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Aircrew Deaths 1939 - 1947: Effectively Searching The Database
UNDER DEVELOPEMENT

Search on this database can be very powerful and useful. With a few simple techniques you will be able to extract information that you never thought you could find.

Creative researchers are likely to find golden threads to research through an imaginative use of the power and flexibility now offered. The data has always been there of course, but seeing the connections has hitherto been problematical: sometimes the needle gets hidden in the haystack. This facility changes that.

To get started, put a name in the Search box, for example Brown. (you don't have to capitalize names so brown will work the same way as Brown). The result is all the Browns in the database. This will include entries which have Brown anywhere within its contents, not just the Name column. From this first Search you can become familiar with the layout of the database which will enable you to conduct more complex Searches.

You can perform a Search for almost anything (3 characters or more) in any column. So now replace Brown with USA and now you see all those from the USA in the database. You will normally read the Notes column to find the results of this particular search. Now put Brown AND Camel in the Search box. This will find all records of Browns who were associated with the Sopwith Camel. (The AND is known as a Boolean operator, and tells our Search Engine you want to find entries that meet both specified criteria. (You don't have to capitalize AND incidentally: Brown and Camel will work just as well, as will brown and camel). Other than in the case of capitalization, however, spelling IS important.

Note that a Search on 'Sopwith Camel' will look for all occurences of the string of letters 'Sopwith Camel'. This will miss all occurences where ONLY Camel is mentioned, so the rule is: make your Search as simple as you can, don't add words where they are not needed. Be aware that the compilers of the data on which the database is built will have used shorthand descriptions on many occasions, thus 'Bristol' may have been used rather than 'Bristol fighter' so if you search for 'Bristol fighter' you will miss all entries where ony the word Bristol is to be found. If you MUST look for 'Bristol Fighter' then you MUST separate with words with the Boolean operator AND, thus Bristol AND fighter.You can have up to FIVE dependencies in a single search! For example Smith AND Camel AND Balloon AND France would find all Smiths who flew the Camel and had some connection to balloon and France.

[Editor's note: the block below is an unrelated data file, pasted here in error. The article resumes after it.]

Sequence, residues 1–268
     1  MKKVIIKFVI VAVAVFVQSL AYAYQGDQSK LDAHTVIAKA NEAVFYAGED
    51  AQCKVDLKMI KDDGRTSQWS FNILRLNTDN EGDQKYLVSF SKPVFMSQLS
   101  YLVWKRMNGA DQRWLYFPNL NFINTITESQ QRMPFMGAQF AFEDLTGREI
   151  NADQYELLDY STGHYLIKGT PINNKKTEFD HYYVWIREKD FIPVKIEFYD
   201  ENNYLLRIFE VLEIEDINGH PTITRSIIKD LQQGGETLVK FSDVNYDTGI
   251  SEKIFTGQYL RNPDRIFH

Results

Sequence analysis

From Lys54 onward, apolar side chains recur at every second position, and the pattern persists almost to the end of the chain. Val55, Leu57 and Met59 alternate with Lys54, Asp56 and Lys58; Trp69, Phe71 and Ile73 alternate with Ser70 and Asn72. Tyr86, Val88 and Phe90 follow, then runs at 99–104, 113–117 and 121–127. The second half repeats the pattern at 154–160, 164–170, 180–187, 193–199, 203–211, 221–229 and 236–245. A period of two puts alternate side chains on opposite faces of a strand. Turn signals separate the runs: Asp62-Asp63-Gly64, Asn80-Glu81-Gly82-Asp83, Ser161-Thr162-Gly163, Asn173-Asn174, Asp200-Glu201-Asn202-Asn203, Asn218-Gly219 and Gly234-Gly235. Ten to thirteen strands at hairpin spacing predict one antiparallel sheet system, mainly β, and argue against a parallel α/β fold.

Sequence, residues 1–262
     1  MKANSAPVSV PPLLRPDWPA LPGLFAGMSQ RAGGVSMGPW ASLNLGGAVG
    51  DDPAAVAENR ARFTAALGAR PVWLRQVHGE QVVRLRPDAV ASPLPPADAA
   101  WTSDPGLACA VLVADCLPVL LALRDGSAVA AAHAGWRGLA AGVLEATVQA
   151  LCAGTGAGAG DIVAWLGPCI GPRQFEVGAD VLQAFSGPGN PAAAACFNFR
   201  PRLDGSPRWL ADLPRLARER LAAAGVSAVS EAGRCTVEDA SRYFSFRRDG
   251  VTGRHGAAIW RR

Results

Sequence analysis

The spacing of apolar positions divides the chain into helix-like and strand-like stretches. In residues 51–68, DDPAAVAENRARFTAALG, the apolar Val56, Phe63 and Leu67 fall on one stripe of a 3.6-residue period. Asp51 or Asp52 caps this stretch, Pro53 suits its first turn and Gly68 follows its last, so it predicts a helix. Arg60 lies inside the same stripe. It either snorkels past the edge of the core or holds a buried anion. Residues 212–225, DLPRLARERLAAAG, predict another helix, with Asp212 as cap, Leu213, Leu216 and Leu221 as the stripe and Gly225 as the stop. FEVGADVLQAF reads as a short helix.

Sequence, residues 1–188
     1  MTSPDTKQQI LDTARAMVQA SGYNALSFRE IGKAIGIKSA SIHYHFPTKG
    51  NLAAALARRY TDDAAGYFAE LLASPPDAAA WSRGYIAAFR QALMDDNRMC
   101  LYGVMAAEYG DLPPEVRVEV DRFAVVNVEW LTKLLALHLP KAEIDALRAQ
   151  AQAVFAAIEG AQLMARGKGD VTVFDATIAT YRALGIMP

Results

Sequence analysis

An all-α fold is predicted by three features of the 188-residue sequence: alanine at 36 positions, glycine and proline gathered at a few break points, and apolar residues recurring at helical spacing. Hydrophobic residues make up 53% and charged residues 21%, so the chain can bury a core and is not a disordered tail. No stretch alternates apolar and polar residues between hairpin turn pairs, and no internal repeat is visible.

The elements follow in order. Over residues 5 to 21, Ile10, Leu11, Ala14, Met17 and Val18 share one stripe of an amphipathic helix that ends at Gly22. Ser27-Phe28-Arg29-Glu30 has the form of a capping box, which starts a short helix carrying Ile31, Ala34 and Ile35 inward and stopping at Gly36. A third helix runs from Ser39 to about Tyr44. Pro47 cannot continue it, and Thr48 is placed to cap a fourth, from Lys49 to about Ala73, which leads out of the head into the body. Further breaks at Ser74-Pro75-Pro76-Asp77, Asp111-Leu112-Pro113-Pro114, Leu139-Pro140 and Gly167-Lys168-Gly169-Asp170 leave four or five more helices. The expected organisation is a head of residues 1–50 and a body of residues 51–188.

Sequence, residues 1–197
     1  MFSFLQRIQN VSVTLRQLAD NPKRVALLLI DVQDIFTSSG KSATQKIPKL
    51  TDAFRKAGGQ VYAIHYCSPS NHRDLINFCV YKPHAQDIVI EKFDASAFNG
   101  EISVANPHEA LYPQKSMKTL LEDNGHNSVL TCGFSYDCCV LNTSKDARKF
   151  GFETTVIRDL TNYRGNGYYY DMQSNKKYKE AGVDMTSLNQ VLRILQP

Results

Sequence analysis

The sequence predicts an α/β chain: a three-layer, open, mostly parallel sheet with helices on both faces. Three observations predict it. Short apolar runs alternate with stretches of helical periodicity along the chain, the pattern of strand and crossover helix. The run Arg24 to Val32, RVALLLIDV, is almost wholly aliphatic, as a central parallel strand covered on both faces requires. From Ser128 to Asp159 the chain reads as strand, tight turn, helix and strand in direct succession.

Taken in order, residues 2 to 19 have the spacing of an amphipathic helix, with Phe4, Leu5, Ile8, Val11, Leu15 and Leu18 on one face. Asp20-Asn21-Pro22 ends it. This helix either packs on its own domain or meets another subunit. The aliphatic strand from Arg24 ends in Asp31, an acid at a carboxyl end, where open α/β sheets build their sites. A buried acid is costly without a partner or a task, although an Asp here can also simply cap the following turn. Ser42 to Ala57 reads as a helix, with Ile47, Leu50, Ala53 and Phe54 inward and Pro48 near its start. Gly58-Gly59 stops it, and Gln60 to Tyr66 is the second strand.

If you are familiar with other Boolean operators, try those.

Brown and Camel = all entries that contain BOTH Brown and Camel. It will ignore any entry that only has Brown, ditto one that only has Camel. The entry must have both. You can have up to 5 dependencies. Thus Brown and Camel and Arras and Righthofen and Albatros will only find entries that have ALL 5. Clever use of these dependencies can find fascinating discoveries.

Brown or Camel = all entries that contain EITHER Brown OR Camel. This will be a longer list than above because you've got all the Browns whatever they flew, and all the Camels whoever flew them.

(Brown or Smith) and Camel = entries that have Browns who flew Camel plus entries that have Smiths who flew the Camel. The placement of brackets is important. Thus Brown or (Smith and Camel) will find all Browns entries plus all entries that contain BOTH Brown and Camel. Can you see the difference? The first one finds Browns who flew Camel PLUS Smiths who flew Camel, whereas the second finds Smiths who flew Camel PLUS Browns who flew anything.

There are some limitations.

You can't search for any single letter or number. You can't search for 7 for example, or B

You can't search for 2 letter or 2 number combos. You can't search for SE for example, or 54. You CAN search for 3 letters or numbers, thus KIA and 300 both work.

Also, certain characters cannot be used in a search and if they are, they are ignored. The hyphen is one such character, thus a search on SE-5 will fail because the hyphen is ignored leaving you with a search on SE, which is less than 3 characters. In this case, search on SE5.

SEARCHING ON PLANE Be careful in your spelling.

Note that German special characters may be important. You may prefer to search using the appropriate German characters, and whilst normally this will find both Gotz and Götz, for example, you might want to check with and without the specials just to be sure.

We would like to hear from researchers who find interesting connections through our Search Engine. Caring is Sharing! Perhaps you would like to contribute a story based on your research? We'll be happy to publish you.



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